Lantern slide projector

For the production of a brochure in the 1990s, the Mission Museum included photographs of selected items. One of these is a lantern slide projector, which is on display in the museum.

The "Optimus" projector was made by Perken, Son & Co. Ltd., London, UK. The company was registered with this name from January 1900 until some time after 1940. For more information about the company's history, see the web site Early photography.

The source of light was a flame from a wick fueled by kerosene or other types of fuel.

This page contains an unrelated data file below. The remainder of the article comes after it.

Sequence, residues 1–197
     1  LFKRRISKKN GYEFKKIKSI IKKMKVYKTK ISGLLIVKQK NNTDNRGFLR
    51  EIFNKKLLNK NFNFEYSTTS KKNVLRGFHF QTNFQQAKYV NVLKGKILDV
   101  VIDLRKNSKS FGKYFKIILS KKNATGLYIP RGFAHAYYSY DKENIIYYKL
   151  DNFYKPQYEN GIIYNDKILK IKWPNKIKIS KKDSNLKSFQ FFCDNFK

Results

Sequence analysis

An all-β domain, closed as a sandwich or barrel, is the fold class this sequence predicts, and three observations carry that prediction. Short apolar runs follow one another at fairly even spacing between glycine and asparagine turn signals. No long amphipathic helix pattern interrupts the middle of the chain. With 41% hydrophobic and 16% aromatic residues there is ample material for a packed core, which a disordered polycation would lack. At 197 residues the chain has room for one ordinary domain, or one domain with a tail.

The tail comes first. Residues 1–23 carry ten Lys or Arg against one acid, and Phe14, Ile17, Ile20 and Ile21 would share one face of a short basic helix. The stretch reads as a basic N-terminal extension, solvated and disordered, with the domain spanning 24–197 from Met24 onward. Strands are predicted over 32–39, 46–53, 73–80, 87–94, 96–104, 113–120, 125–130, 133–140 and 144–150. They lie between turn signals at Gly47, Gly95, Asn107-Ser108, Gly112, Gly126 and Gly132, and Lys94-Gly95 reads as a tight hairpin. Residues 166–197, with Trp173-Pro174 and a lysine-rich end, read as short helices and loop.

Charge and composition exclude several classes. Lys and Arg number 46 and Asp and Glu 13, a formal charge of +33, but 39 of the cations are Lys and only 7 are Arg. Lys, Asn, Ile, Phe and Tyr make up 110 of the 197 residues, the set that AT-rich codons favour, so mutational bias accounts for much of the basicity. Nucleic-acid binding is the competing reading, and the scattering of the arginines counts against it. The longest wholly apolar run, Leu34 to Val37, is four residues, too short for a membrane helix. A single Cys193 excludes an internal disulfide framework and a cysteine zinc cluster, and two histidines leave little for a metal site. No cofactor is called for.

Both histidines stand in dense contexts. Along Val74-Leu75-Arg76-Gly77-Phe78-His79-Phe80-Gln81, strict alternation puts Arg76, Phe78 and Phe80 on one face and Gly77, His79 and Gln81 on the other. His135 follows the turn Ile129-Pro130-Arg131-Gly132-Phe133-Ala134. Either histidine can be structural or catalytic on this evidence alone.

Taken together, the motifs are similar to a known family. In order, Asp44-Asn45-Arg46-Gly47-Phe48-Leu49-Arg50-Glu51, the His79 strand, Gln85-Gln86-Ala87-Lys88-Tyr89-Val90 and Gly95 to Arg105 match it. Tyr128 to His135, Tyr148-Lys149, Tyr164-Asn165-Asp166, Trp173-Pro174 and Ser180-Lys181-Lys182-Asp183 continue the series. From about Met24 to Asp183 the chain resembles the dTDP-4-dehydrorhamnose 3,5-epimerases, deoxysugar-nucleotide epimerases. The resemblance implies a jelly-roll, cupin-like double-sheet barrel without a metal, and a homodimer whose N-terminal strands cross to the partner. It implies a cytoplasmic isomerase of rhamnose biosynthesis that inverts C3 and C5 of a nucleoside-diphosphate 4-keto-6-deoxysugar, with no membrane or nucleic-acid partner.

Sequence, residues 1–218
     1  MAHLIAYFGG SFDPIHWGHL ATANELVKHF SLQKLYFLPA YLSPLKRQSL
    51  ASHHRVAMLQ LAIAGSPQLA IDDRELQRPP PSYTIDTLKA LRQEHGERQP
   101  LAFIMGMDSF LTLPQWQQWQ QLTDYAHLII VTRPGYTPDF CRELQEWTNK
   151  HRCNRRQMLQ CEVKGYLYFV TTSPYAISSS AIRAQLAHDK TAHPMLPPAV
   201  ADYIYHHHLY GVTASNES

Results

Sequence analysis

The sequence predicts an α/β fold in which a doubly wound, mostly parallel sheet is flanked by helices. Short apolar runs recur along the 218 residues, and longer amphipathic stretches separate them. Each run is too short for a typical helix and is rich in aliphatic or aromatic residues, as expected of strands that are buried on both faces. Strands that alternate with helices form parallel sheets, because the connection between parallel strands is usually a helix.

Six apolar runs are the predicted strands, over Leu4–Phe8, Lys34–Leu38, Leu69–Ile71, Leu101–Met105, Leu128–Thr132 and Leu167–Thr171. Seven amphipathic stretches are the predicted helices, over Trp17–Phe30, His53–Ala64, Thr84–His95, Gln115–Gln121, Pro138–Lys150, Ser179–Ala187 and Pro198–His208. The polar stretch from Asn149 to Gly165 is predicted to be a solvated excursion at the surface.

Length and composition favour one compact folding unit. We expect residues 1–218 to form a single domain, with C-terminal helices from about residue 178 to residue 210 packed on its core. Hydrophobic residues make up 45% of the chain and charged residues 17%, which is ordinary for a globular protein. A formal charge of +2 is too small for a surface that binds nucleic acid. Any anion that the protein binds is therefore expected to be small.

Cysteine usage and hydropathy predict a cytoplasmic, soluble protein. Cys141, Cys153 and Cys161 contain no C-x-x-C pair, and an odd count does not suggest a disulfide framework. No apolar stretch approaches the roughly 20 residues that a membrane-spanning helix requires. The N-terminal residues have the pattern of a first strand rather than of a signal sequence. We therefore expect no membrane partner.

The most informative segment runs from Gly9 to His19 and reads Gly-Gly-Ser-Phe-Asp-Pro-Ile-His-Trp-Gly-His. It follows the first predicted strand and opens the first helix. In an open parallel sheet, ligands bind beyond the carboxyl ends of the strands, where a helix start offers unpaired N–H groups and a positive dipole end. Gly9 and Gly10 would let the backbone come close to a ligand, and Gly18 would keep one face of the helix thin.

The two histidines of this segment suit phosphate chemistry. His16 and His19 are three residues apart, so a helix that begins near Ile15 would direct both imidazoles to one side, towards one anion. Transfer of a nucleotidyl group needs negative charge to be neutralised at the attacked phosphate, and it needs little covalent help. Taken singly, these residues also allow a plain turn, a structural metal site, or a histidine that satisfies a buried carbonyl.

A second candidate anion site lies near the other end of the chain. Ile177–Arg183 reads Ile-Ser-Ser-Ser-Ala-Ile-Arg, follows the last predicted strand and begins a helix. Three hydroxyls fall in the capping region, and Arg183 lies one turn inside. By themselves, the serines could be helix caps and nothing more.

The equipment is also known as magic lantern or laterna magica, and it was invented in the 17th century.

Photographs were developed as positive images on 8 x 8 cm glass, and some images were even hand-colored by adding paint on the glass plate.

The Mission Archive has an extensive collection of lantern slides. Some of the slides were used for evangelistic purposes by the missionaries overseas, and some for information about the mission work in gatherings and meetings in Norway.

Lantern slide projector. Photo: Per Magne Tyvand.[ Click for larger version ]
Published: 2011‑09‑12